The Agent Model of Intelligence

In artificial intelligence, the term 'agent' is used to mean an autonomous, thinking agent with the ability to interact with their environment. An agent could be a person or a piece of software. In either case, we can describe aspects of the agent in a standard framework.

An agent is general term for any autonomous decision maker. This is an intentionally broad definition. It applies to human beings, some animals, some machines, and perhaps other categories as well. Let's start with the definition and the get into a discussion.

An agent is anything that perceives things (perhaps imperfectly) about it's environment and can then make a decision to execute some actions which will have some (perhaps unpredictable) effect on the environment. Whether an agent's sensors are biological eyes or cameras, cochlear nerves or omni-directional condenser microphones, the framework robustly describes an agent as a mapping from historical observations to a distribution over actions.

Let's define a set A that contains all the actions an agent can take. In a video game this might be "Run Left", "Run Right", "Jump", "Attack", and "Idle". An agent can select what action to take from this set.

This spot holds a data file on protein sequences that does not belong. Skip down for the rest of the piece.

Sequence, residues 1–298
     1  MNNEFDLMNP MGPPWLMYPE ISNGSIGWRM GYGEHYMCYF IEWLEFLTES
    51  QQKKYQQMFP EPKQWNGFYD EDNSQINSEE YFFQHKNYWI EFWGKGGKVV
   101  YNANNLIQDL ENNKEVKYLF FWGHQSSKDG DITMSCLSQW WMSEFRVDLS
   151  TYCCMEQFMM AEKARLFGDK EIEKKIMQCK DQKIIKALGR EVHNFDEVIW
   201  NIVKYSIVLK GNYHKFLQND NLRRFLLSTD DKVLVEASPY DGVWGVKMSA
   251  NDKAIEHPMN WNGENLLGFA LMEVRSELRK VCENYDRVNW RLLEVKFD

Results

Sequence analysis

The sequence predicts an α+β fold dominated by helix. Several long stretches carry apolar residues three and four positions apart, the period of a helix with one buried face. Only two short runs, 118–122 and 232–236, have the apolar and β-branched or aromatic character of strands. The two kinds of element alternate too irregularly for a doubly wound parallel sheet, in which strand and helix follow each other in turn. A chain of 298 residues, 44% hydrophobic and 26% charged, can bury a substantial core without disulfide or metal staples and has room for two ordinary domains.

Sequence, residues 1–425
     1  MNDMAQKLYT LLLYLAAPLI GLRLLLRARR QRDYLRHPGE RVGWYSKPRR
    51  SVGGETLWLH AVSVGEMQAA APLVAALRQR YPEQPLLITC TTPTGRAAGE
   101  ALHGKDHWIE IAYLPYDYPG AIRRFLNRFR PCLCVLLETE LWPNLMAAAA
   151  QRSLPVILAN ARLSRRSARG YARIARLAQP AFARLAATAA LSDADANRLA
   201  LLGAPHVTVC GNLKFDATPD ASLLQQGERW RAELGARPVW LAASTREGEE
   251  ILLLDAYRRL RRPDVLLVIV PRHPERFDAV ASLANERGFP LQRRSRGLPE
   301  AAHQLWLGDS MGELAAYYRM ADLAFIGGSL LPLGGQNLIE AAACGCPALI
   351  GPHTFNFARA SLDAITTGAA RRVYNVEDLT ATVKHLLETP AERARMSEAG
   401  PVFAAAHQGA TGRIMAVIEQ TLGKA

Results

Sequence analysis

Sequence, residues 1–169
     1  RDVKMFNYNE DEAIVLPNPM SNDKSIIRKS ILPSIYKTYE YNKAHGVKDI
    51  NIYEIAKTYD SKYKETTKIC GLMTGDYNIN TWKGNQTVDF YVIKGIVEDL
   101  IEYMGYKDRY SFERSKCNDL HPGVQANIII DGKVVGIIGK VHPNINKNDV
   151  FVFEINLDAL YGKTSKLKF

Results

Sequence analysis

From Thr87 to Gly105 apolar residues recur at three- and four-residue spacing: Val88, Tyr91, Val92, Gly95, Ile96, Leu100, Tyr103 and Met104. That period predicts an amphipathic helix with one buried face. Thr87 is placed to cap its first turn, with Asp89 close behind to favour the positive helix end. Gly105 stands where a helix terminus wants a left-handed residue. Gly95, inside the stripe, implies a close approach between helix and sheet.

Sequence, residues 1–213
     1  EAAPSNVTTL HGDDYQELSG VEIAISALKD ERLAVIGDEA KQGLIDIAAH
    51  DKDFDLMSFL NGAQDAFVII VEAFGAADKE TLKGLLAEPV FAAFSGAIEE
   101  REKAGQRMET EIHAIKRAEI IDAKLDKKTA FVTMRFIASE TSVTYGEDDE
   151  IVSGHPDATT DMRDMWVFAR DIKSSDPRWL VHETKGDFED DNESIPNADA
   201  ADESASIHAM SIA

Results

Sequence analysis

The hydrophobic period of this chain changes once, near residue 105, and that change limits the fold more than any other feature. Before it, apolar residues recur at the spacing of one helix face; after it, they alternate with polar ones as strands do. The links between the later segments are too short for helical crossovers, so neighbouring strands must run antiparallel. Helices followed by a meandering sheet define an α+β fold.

Similarly, let the set \Omega contain all the observations an agent can make. A simple electronic thermostat likely contains two sensors: one for the ambient temperature, one for the position of the temperature dial.

We can now give a formal definition of an agent. An agent is a function f mapping a history of observations \omega (from time 0 to time t) to a particular action a:

f : \big( \omega \in \Omega \big)^t \rightarrow \Delta a \in A

Whatever series of observations the agent receives, out of all possible combinations, the agent should process those observations in some way and decide on an action to take.

The methodology for how an agent decides which action to take given their observations is outside the scope of this discussion. Any agent can be described this way. More sophisticated agents will maintain some internal representation of what the believe the world looks like. As new information arrives, they can update those beliefs and select a best action in response to their beliefs about the state of the world.